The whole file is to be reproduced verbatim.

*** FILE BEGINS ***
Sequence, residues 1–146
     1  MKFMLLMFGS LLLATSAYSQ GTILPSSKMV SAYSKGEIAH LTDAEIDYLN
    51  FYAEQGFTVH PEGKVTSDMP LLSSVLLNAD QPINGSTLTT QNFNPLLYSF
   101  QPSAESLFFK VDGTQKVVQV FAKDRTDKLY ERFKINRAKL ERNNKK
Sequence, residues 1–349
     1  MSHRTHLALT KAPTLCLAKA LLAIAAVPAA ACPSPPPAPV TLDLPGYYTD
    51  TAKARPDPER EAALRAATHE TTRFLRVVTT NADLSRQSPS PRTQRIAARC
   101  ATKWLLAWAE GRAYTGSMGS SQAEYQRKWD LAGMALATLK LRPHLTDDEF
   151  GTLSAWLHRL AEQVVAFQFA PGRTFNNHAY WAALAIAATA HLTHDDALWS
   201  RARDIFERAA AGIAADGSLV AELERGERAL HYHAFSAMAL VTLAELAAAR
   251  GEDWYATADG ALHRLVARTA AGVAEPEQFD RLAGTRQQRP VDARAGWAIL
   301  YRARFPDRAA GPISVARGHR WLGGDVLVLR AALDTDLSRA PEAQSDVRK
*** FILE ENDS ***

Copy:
Sequence, residues 1–146
     1  MKFMLLMFGS LLLATSAYSQ GTILPSSKMV SAYSKGEIAH LTDAEIDYLN
    51  FYAEQGFTVH PEGKVTSDMP LLSSVLLNAD QPINGSTLTT QNFNPLLYSF
   101  QPSAESLFFK VDGTQKVVQV FAKDRTDKLY ERFKINRAKL ERNNKK
Sequence, residues 1–349
     1  MSHRTHLALT KAPTLCLAKA LLAIAAVPAA ACPSPPPAPV TLDLPGYYTD
    51  TAKARPDPER EAALRAATHE TTRFLRVVTT NADLSRQSPS PRTQRIAARC
   101  ATKWLLAWAE GRAYTGSMGS SQAEYQRKWD LAGMALATLK LRPHLTDDEF
   151  GTLSAWLHRL AEQVVAFQFA PGRTFNNHAY WAALAIAATA HLTHDDALWS
   201  RARDIFERAA AGIAADGSLV AELERGERAL HYHAFSAMAL VTLAELAAAR
   251  GEDWYATADG ALHRLVARTA AGVAEPEQFD RLAGTRQQRP VDARAGWAIL
   301  YRARFPDRAA GPISVARGHR WLGGDVLVLR AALDTDLSRA PEAQSDVRK